Both HF/HS and HF groups gained weight with increases in the mesenteric, epididymal, retroperitoneal, and subcutaneous white adipose tissue (WAT) weights relative to the control group after a 20-week feeding (experiments 1 and 2) (Fig. 1A–D). There were no appreciable differences between HF/HS and HF groups. The HF/HS-induced increases in body weight and WAT weights were markedly suppressed by treatment with EPA (HF/HS + EPA group). By contrast, EPA treatment did not affect an HF-induced increase in body weight and WAT weights (HF + EPA group). In the HF/HS group, obesity-induced WAT inflammation was evident, as revealed by elevated expression of mRNAs for F4/80, monocyte chemoattractant protein-1 (MCP-1), and tumor necrosis factor-α. EPA treatment markedly reduced F4/80 and MCP-1 mRNA expression in WAT (Fig. 1E). In WAT from the HF group, expression of F4/80, MCP-1, and tumor necrosis factor-α mRNAs was elevated, which was not affected by EPA (Fig. 1F). In this study, caloric intake in the HF/HS group was roughly equivalent to that in the HF/HS + EPA group (Table 1).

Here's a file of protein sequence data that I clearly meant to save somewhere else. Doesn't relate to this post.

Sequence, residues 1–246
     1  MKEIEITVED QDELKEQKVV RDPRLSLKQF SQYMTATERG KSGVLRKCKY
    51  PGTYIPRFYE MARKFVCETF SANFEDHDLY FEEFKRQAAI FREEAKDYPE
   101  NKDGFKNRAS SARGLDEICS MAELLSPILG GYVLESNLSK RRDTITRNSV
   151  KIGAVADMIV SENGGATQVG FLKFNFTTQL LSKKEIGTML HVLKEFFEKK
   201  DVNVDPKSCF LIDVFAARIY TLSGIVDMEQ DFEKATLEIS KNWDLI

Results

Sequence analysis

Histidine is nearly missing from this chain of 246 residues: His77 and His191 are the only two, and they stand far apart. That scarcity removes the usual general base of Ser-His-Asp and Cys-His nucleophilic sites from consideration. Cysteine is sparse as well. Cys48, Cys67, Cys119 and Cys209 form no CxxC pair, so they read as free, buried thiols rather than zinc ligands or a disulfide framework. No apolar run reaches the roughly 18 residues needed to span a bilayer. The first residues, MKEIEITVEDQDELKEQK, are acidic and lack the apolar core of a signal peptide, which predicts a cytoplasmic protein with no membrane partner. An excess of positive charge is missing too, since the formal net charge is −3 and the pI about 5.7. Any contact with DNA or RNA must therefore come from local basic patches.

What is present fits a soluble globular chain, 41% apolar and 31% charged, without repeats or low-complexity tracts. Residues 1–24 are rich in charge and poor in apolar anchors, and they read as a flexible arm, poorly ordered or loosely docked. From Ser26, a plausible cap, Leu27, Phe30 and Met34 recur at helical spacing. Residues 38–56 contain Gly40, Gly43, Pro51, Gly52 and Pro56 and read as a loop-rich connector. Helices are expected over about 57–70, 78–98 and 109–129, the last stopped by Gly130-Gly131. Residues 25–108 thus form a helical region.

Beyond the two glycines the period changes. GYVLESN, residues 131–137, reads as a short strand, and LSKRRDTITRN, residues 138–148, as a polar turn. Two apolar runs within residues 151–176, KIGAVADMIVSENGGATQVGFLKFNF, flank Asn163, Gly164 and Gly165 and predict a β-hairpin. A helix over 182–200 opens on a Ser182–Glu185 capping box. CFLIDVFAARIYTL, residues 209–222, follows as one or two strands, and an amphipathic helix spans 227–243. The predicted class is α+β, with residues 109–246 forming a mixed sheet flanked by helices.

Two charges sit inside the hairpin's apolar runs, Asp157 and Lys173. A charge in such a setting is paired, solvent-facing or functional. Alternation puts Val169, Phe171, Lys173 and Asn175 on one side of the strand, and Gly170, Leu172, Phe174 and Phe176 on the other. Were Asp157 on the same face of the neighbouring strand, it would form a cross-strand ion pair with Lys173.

Effect of EPA on HF/HS- and HF-induced metabolic abnormalities.
In experiment 1, the HF/HS group developed obvious hyperinsulinemia, hyperglycemia, and hepatic steatosis, which were significantly improved by EPA (HF/HS + EPA group) (Fig. 2A, C, and E). The liver weights after a 20-week feeding were 1.33 ± 0.03, 3.10 ± 0.30, and 1.42 ± 0.06 g in the control, HF/HS, and HF/HS + EPA groups, respectively (n = 10 for the control and HF/HS groups, n = 7 for the HF/HS + EPA group; P < 0.01 for the control group versus HF/HS group and the HF/HS group versus HF/HS + EPA group). Similarly, the HF group developed hyperglycemia and hyperinsulinemia; however, EPA had a marginal impact on HF-induced hyperglycemia and hyperinsulinemia (Fig. 2B and D). Although EPA treatment ameliorated hepatic steatosis in the HF group (Fig. 2F), liver weight was not decreased by EPA (data not shown). Plasma leptin concentrations were markedly elevated in the HF/HS group relative to the control group and were significantly reduced by EPA (P < 0.01) (Table 1). Although HF/HS did not affect plasma adiponectin concentration, EPA treatment resulted in an ∼1.5-fold elevation of plasma adiponectin (Table 1), which is consistent with our previous report (13).